Highlights of Our Conversation-Centered LeaderLounge

Think back to the last time you were on a flight beside a fellow human being. You choose to engage. You make small talk, cover the who’s who, and then the topics slowly become more challenging. What to say next? Can a conversation end if you’re sitting side-by-side someone for 4 hours? Is silence okay? And, dare say, do you tap the other person on the shoulder if they’re knee-deep in a book or have their headphones in to continue said conversation? (Yeah, never.)

Conversation is a human novelty with very specific, yet unwritten rules. Humour is funny until a certain un-said but universally known point. Confidence is always an attractive quality in a converser, until it very slowly begins to edge over the line to arrogance. Listening is a great conversational skill, except when it becomes overactive listening and a “let-me-finish-your-sentence” annoyance.

All of these, as well as the anatomy of a conversation and the 6 laws of great dialogue, were covered last night at our third #LeaderLounge event. Our own Peter Reek teamed up with Catherine Ducharme of OutsideIn Communications to help guide leaders in generating excellent conversational and storytelling skills. If you weren’t there last night, here’s what you missed.

For starters:


The basic building blocks of a conversation. It’s a fine balance between give and take, push and pull, back and forth, and is akin to a volleyball game or sandwich-making. (One person slathers on the butter, another piles on slices of cheese, and then out of left field someone adds a spicy jalapeno.) And yes, it all begins with a healthy dose of small talk and an understanding that every conversation is an opportunity of some kind. 

 

And yes, there are rules…


As mentioned earlier, there are lines, boundaries, and rules to follow in regard to human interaction in general. However, to up that interaction to a cloud nine experience, there are 6 Laws of Great Conversation to adhere to. In order to truly master the art of conversation, there are 6 laws that must be followed:

  • Risk Taking: Challenge your fears and confront the reality of the situation. Put your fear — whether it be of awkwardness, silence, or inadequacy — in your back pocket and out of sight. What’s the worst thing that could really, truly happen? Be realistic and take the chance.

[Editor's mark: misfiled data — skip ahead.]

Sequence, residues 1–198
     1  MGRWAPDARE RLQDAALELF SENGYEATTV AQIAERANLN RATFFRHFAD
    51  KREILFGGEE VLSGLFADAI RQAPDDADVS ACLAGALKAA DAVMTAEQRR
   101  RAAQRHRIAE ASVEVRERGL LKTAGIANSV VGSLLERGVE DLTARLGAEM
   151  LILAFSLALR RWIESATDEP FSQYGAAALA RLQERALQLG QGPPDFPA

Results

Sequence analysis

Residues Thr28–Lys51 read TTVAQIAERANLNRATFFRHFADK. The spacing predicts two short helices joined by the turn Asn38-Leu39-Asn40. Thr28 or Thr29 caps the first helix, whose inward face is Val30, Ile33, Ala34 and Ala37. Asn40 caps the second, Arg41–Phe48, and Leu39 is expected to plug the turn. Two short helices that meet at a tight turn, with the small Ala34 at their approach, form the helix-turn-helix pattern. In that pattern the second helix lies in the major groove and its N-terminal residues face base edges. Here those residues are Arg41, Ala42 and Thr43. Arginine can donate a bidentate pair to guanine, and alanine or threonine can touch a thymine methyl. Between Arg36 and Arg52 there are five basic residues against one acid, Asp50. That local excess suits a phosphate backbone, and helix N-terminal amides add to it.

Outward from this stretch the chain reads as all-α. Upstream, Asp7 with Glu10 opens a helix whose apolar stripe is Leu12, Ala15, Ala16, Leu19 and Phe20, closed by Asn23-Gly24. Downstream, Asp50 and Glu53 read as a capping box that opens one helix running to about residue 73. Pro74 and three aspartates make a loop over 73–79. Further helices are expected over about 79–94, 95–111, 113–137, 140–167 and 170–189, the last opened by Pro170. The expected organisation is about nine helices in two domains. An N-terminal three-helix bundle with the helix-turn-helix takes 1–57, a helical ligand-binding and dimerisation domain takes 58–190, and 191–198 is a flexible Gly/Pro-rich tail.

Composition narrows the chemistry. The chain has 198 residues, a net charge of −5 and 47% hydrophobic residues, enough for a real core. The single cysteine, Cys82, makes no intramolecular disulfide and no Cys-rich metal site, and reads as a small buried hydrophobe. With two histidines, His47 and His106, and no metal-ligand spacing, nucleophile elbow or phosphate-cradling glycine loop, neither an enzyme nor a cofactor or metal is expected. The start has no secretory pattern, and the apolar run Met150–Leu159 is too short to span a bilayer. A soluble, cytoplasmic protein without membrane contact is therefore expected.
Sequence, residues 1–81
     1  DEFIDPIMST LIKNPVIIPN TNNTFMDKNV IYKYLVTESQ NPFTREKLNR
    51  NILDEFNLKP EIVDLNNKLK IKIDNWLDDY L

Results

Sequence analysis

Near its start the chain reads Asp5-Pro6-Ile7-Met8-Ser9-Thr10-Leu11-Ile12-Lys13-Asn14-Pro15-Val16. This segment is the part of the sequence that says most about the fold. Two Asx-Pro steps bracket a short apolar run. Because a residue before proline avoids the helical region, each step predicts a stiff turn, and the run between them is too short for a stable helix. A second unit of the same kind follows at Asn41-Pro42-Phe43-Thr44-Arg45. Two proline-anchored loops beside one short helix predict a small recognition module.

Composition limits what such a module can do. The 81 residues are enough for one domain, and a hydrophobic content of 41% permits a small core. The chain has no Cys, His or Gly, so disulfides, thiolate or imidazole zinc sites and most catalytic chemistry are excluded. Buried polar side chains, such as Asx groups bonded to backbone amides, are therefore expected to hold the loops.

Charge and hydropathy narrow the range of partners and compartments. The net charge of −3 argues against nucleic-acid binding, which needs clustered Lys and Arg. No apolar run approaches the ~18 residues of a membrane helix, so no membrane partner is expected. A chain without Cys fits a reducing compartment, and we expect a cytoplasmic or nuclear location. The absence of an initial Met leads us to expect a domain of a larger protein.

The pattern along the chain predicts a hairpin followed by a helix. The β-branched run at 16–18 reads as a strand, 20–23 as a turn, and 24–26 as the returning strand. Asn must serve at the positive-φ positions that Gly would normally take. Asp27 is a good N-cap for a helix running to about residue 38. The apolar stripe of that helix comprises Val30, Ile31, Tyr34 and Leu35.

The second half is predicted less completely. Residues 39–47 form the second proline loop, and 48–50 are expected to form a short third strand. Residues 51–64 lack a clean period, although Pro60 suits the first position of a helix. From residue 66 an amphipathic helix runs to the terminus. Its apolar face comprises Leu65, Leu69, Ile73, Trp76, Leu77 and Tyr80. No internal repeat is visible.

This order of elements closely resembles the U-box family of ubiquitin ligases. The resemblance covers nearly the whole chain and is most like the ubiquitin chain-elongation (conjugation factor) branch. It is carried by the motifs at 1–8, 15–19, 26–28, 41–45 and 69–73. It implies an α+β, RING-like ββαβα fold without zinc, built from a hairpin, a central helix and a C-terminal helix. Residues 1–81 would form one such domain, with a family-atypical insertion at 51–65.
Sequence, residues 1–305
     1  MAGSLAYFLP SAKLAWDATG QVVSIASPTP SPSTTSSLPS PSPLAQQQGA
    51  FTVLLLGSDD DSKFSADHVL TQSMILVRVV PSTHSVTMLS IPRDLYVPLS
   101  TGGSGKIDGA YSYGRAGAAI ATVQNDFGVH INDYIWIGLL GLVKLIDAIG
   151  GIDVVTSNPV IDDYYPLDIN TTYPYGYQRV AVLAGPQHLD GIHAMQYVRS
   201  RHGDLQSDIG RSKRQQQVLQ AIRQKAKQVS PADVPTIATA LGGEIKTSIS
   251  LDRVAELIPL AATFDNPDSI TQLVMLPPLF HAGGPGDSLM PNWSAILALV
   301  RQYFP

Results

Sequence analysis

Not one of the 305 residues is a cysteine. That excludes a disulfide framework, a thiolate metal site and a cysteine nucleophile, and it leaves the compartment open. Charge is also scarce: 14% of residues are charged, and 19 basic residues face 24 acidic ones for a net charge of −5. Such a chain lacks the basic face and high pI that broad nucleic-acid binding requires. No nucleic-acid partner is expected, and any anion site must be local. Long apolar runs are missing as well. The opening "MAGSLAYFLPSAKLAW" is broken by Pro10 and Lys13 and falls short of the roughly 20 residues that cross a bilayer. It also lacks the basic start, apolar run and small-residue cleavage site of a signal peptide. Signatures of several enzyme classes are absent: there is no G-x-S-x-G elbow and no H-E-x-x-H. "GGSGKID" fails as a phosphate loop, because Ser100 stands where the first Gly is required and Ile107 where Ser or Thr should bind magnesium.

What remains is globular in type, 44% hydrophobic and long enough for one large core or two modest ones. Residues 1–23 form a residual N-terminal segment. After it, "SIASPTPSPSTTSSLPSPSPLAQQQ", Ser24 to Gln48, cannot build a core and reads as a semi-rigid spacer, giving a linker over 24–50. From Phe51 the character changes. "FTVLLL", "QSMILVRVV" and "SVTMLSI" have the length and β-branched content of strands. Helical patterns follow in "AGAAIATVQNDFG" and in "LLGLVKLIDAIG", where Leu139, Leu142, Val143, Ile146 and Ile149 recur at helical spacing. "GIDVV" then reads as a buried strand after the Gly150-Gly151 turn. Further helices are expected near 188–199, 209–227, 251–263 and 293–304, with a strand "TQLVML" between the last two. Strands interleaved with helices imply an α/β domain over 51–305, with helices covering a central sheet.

• Self Awareness: Have a grasp of your personal strengths, weaknesses, threats, and opportunities when it comes to conversation. Know your communication style, what irritates you, and (let’s be real) what could irritate others about you. And above all: don’t be a conversational narcissist and hog the talking. 
  • Listening: Stephen Covey said it best when he encouraged people to listen to understand and not to reply. Dialogue is not simply waiting your turn to share; it’s about understanding, connecting, and relating with others. 

  • Genuine Curiosity: Studies show that people prefer likeable people over competent people. Approach conversations with authenticity and ingenuity and curiosity will be sure to follow.
  • Perspective Taking: Keep your conversations cognitive and mindful. Empathy is understanding how someone feels while perspective taking allows you to understand the why behind the feelings. Keep both your emotions and your mind in-tune to any conversation you’re in. (Except with your significant other, of course.)
  • Shared Experiences: Every person has an innate love for storytelling and sharing. Use conversation to probe, question (but not interrogate), build bridges, and create common experiences.

Some Research Required


Keep in mind that in order to have beefier small talk and conversations, you have to be in the know. If you want to talk about more than just the weather, ensure you’re reading more books, paying attention to thought leaders and conferences, consuming local and global news, knowing your geography, attending movies/concerts, and staying current on social media. You’re bound to find something to talk about (or never stop talking about) if you stay active on those fronts.

 

Upcoming LeaderLounge Event


Our next LeaderLounge event,
Leaders Eat Last, based on the Simon Sinek book, will take place September 30th. We look forward to seeing as many of you there as possible!